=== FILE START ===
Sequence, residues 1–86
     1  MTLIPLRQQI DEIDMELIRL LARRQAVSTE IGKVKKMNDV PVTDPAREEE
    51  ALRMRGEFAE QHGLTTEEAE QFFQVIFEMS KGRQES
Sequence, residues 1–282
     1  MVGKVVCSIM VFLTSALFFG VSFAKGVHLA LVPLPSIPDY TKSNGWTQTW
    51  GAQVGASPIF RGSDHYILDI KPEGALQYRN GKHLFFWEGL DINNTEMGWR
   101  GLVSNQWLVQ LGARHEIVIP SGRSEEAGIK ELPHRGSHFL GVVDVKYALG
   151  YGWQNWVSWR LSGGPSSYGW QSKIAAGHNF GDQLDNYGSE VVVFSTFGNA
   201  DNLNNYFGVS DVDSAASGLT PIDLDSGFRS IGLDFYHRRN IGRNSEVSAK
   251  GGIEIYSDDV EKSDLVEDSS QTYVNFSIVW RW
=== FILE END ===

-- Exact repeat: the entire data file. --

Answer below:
Sequence, residues 1–86
     1  MTLIPLRQQI DEIDMELIRL LARRQAVSTE IGKVKKMNDV PVTDPAREEE
    51  ALRMRGEFAE QHGLTTEEAE QFFQVIFEMS KGRQES
Sequence, residues 1–282
     1  MVGKVVCSIM VFLTSALFFG VSFAKGVHLA LVPLPSIPDY TKSNGWTQTW
    51  GAQVGASPIF RGSDHYILDI KPEGALQYRN GKHLFFWEGL DINNTEMGWR
   101  GLVSNQWLVQ LGARHEIVIP SGRSEEAGIK ELPHRGSHFL GVVDVKYALG
   151  YGWQNWVSWR LSGGPSSYGW QSKIAAGHNF GDQLDNYGSE VVVFSTFGNA
   201  DNLNNYFGVS DVDSAASGLT PIDLDSGFRS IGLDFYHRRN IGRNSEVSAK
   251  GGIEIYSDDV EKSDLVEDSS QTYVNFSIVW RW